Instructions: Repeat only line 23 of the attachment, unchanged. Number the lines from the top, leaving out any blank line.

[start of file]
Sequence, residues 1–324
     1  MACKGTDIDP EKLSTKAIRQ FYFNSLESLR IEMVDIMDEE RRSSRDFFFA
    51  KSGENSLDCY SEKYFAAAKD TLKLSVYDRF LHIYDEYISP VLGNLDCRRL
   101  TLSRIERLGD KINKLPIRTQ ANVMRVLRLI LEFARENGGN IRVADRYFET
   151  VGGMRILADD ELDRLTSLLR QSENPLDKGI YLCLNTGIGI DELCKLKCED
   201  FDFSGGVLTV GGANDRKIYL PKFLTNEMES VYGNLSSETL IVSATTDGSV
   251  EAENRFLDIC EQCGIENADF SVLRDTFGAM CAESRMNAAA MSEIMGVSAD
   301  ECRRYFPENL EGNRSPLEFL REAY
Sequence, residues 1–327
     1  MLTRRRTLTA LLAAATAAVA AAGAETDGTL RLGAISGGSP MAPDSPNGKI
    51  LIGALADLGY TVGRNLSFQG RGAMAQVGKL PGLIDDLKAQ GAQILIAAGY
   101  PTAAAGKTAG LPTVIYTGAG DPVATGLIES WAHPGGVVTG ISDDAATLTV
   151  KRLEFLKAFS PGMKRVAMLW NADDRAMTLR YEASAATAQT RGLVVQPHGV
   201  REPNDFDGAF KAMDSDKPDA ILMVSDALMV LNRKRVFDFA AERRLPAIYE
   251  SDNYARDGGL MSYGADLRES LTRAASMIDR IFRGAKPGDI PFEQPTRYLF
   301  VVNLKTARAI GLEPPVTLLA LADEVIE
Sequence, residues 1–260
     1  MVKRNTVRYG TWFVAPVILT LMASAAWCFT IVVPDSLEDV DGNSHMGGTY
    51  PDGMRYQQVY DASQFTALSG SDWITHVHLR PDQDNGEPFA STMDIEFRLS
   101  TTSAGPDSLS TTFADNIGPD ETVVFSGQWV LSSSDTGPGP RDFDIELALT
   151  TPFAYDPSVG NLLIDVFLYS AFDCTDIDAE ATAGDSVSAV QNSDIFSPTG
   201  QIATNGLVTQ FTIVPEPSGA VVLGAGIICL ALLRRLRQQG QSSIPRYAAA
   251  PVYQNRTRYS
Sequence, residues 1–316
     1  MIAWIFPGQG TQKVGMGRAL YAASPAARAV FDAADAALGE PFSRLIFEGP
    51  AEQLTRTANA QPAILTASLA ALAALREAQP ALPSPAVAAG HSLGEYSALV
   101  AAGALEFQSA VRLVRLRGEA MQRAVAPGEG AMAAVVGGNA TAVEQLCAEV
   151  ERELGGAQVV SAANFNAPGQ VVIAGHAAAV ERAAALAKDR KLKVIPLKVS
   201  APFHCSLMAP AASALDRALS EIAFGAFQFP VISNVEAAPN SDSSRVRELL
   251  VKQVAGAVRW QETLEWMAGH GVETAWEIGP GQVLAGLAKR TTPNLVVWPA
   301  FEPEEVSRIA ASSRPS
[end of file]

   251  PVYQNRTRYS